What this did was allow the students an outside, nonpartisan grader examining their work. It eliminated any discussion of bias on the part of the teacher (at least for the final) and it allowed the department to know about any outliers. If, for example, my student got a 3 (a 70%) on the final, but they had a 98 in my class, there might be an issue. Or, on the other hand, if I consistently gave all my students better or worse grades than they earned on the final, this was also clear when I turned in my grades. (We had to give the final exam grade and the final average.)
This also let us know of any grading outliers in the department. If someone consistently gave significantly better or worse grades, their averages could be looked at and they could have extra norming help.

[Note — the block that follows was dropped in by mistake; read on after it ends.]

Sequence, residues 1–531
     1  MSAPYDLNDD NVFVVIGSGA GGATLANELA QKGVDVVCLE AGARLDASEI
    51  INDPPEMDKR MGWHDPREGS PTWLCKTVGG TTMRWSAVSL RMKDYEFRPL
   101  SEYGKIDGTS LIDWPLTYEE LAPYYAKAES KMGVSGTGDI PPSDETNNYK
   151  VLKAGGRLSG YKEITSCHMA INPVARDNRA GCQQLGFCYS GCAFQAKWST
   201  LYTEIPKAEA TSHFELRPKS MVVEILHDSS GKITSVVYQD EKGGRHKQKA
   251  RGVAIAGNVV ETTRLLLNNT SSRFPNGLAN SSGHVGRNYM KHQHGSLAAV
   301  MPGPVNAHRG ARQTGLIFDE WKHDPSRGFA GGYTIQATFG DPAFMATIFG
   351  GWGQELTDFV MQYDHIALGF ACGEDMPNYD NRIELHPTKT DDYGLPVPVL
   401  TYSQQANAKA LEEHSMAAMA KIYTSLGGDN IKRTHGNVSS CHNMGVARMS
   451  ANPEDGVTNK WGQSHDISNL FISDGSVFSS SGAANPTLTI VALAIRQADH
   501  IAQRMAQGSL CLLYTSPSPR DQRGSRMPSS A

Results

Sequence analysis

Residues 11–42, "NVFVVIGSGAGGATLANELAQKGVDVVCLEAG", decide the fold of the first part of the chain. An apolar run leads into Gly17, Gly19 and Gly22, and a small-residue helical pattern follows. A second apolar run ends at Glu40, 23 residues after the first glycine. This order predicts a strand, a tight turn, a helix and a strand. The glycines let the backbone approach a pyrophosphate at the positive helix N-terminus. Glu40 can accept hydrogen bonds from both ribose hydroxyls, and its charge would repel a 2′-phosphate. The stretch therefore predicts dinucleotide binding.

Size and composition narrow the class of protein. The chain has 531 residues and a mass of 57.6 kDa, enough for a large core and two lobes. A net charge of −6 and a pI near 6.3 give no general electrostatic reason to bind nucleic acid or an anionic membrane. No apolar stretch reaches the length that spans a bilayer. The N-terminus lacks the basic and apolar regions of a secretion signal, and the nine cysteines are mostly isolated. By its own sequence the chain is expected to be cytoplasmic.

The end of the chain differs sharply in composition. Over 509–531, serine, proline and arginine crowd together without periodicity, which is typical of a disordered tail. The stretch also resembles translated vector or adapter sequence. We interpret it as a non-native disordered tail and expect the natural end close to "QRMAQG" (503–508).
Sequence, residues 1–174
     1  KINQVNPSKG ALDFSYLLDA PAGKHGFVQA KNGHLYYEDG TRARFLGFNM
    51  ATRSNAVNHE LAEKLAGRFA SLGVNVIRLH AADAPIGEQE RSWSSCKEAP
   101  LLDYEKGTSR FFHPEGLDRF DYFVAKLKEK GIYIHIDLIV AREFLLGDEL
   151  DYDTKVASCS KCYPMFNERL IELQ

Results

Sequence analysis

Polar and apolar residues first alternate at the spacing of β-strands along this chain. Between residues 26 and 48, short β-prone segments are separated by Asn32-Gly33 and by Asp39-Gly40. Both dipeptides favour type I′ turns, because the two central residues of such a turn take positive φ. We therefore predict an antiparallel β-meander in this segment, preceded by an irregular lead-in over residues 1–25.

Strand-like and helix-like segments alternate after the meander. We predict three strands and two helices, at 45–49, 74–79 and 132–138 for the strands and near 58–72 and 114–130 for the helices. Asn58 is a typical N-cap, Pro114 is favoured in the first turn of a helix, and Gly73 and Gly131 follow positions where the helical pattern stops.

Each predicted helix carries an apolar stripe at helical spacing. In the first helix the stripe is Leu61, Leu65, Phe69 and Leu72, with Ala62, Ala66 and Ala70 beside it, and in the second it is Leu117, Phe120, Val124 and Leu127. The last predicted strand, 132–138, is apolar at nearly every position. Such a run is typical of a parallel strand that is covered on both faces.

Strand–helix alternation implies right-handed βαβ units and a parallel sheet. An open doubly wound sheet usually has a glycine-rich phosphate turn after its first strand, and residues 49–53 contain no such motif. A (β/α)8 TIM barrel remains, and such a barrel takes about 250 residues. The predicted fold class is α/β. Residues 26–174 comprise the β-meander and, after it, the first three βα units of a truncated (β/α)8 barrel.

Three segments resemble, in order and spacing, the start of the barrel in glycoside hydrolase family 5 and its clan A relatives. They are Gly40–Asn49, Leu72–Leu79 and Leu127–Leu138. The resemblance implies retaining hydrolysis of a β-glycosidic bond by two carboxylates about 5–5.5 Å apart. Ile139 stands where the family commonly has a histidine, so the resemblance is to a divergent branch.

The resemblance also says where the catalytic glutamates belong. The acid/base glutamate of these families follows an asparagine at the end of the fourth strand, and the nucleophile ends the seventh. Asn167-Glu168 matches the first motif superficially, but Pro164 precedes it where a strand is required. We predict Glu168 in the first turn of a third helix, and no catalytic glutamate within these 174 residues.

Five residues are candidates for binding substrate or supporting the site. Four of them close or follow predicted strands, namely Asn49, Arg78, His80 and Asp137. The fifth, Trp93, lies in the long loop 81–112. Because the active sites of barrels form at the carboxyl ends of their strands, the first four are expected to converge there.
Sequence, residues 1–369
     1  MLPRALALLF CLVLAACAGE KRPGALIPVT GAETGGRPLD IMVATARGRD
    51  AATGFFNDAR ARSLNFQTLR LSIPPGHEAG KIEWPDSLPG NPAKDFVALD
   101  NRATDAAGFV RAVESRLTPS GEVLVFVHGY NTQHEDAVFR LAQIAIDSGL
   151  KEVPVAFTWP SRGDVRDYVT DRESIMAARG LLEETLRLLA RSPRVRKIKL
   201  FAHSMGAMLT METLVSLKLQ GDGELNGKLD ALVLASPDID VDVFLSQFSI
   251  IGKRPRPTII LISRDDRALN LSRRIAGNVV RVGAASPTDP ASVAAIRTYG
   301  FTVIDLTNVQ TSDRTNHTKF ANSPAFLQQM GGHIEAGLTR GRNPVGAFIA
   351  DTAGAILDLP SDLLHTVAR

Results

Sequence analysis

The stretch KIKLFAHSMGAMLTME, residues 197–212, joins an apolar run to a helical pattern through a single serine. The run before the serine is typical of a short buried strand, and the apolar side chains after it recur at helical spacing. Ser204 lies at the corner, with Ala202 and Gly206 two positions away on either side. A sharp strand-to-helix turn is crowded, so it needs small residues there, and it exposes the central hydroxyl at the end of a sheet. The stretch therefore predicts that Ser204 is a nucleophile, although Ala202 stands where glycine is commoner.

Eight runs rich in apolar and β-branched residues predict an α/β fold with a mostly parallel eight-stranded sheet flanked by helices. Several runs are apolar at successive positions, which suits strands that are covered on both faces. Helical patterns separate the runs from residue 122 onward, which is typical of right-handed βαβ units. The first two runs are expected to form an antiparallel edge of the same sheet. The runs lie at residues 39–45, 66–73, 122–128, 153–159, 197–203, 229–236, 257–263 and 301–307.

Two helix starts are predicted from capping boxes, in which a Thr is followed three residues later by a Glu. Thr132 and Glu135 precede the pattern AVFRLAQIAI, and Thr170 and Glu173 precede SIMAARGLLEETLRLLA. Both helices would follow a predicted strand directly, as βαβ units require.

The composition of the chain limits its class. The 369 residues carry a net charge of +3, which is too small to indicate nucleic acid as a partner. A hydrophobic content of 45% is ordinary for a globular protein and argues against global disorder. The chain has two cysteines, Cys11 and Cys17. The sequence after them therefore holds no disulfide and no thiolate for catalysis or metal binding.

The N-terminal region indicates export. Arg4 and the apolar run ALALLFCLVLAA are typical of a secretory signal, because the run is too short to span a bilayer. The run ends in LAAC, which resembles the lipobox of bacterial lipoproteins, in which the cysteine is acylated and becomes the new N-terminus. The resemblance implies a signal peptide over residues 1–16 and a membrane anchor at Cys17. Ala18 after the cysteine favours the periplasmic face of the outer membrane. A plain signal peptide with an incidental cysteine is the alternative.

It created an interesting experience once when the first two graders gave a paper a 1 and a 5. The 1 was given because the audience (the teacher) was told that English teachers were idiots and the whole paper focused on how much smarter the student was than English teachers. The 5 was given because there was not a single grammar error in the whole eight pages of the paper (written in two hours). When other readers also failed to come to agreement, the entire department got back together to grade and discuss the paper.